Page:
Our Heroes awards 2012: Stories of true inspiration reduce audience to tears
IT WAS a night of high emotion, of laughter and tears, as unsung heroes rubbed shoulders with celebrities and VIPs for a celebration of all that is good in our communities.
The annual Sentinel Our Heroes Awards ceremony, sponsored by the Aspire Group, was held last night at the Moat House Hotel, Festival Park, Etruria.
• GALLERY: The Sentinel's Our Heroes awards 2012
It highlighted the extraordinary lives and achievements of ordinary people from across North Staffordshire and South Cheshire.
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During the past seven years The Sentinel has published more than 1,000 heart-warming, inspirational stories and prizes have been given out to more than 200 award-winners.
Following a black-tie dinner, 29 awards were handed out during an Oscars-style ceremony hosted by Aspire Group chief executive Sinéad Butters and Sentinel columnist Martin Tideswell.
The first award of the evening, presented by Potteries-born stage star Jonathan Wilkes, was for Bright Young Thing.
Rising sports star Eve Greenway, aged 10, from Stone, was honoured after winning medals for rowing, excelling at gymnastics and helping to coach other children.
The second runner-up was six-year-old Edward Dyster, also from Stone, who braved lashing rain and strong winds to complete a 150-mile cycle ride to raise money for the Donna Louise Children's Hospice.
The overall winner of the award was 17-year-old Nathan Blackaby, of Meir, whose selflessness left the competition judges speechless. He became the carer for his foster mum Violet Keeling who was struck down by illness, lost her sight and then died in March.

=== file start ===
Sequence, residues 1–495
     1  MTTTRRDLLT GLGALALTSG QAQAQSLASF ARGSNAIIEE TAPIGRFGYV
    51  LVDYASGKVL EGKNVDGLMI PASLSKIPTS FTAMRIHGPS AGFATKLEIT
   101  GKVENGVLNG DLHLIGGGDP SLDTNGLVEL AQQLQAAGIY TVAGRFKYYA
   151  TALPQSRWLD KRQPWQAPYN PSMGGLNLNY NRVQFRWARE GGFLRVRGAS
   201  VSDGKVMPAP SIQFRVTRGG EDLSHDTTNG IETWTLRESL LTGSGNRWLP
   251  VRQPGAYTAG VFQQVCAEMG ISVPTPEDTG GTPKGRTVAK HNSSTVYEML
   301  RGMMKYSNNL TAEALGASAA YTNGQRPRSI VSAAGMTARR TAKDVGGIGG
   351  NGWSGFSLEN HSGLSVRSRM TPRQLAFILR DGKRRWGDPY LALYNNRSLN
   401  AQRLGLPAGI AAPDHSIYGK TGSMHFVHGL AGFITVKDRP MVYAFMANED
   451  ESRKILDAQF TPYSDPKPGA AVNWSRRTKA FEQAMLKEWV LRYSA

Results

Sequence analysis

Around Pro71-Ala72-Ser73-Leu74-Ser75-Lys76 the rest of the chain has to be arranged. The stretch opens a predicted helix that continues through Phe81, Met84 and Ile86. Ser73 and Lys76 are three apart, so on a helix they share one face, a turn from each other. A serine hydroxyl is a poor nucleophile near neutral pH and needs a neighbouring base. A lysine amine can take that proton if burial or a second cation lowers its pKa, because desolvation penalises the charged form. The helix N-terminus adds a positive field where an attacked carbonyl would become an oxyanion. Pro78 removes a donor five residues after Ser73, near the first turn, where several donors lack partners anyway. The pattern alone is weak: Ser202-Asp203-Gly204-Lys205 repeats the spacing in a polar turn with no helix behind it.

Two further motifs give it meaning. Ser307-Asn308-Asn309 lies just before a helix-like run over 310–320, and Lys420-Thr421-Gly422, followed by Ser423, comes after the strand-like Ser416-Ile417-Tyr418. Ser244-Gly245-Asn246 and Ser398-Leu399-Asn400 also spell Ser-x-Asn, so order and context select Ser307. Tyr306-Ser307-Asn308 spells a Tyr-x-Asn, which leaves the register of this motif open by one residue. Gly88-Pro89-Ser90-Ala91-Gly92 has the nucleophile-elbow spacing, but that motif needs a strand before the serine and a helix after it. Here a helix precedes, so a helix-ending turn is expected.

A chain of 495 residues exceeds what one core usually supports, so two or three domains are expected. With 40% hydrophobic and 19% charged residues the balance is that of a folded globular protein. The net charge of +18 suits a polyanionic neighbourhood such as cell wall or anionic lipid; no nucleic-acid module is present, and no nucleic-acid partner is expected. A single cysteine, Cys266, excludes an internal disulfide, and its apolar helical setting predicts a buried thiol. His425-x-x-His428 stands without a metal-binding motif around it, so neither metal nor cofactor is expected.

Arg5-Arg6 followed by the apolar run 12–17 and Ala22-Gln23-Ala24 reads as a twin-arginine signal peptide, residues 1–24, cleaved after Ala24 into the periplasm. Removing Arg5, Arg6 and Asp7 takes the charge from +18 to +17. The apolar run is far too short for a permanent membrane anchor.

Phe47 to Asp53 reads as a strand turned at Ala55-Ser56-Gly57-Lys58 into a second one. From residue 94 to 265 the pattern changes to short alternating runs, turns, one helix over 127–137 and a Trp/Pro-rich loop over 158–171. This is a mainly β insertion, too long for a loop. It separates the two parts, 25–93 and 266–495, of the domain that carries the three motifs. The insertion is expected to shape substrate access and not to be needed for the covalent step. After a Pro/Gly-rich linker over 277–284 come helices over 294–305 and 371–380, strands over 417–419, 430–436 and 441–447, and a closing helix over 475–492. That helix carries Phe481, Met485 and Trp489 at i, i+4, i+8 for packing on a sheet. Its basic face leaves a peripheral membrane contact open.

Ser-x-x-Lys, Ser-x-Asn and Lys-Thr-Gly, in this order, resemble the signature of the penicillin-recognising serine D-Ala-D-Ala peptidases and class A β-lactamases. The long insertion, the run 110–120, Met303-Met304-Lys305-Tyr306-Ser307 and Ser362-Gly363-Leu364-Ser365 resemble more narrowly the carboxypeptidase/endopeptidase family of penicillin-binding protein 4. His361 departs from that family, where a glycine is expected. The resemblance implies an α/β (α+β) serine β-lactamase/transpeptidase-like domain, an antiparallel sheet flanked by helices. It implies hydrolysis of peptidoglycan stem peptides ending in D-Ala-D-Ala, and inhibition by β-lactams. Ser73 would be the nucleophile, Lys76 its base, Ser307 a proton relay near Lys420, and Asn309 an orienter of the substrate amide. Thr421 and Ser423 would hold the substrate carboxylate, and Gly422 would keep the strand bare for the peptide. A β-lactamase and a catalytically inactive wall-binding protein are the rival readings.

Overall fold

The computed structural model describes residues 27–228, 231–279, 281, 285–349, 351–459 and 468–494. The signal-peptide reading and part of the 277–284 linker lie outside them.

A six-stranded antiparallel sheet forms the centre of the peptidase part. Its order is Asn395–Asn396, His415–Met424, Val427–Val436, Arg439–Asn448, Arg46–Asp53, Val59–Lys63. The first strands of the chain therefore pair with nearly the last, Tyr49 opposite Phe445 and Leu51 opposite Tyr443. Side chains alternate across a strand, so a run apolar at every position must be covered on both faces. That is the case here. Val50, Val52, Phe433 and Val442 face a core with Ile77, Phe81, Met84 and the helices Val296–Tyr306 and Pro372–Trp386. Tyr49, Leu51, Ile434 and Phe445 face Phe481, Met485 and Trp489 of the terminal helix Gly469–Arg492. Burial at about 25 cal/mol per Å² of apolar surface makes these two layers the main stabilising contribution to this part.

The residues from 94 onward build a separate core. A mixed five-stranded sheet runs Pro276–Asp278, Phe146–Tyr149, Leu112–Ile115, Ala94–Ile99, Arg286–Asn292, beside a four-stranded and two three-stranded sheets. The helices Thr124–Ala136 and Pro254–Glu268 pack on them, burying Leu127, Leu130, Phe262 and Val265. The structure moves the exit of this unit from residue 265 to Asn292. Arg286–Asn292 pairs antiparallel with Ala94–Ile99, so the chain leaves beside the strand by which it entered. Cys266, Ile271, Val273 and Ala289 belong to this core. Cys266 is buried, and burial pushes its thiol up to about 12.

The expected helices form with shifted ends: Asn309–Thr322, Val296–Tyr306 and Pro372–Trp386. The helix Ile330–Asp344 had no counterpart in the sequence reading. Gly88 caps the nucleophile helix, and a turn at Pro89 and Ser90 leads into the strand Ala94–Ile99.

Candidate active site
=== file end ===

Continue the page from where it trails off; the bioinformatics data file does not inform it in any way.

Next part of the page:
Hollyoaks actress Rachel Shenton, from Caverswall, was next on stage to present the Child of Courage award.
The first runner-up was 14-year-old Aimee Seabridge, of Biddulph, who was praised by the judges for the way in which she had dealt with the death of her mum while coping with a condition which makes her hair fall out.
Seven-year-old Billy Heslop, from Fenton, was also honoured for providing support to poorly children while coming to terms with his own life-threatening condition – primary intestinal lymphangiectasia.
The Child of Courage 2012 was nine-year-old Dylan Kelsall, from Longton, who has suffered with a muscle-wasting disease since the age of three and faces surgery every six months to adjust rods in his back to prevent the curvature of his spine.
Stoke City chairman Peter Coates presented the prizes in the Community Group of the Year category. The first runner-up was a group of villagers who clubbed together to raise £199,000 to buy and save the Grade II listed Hollybush pub at Seighford and are transforming into a hub for village life.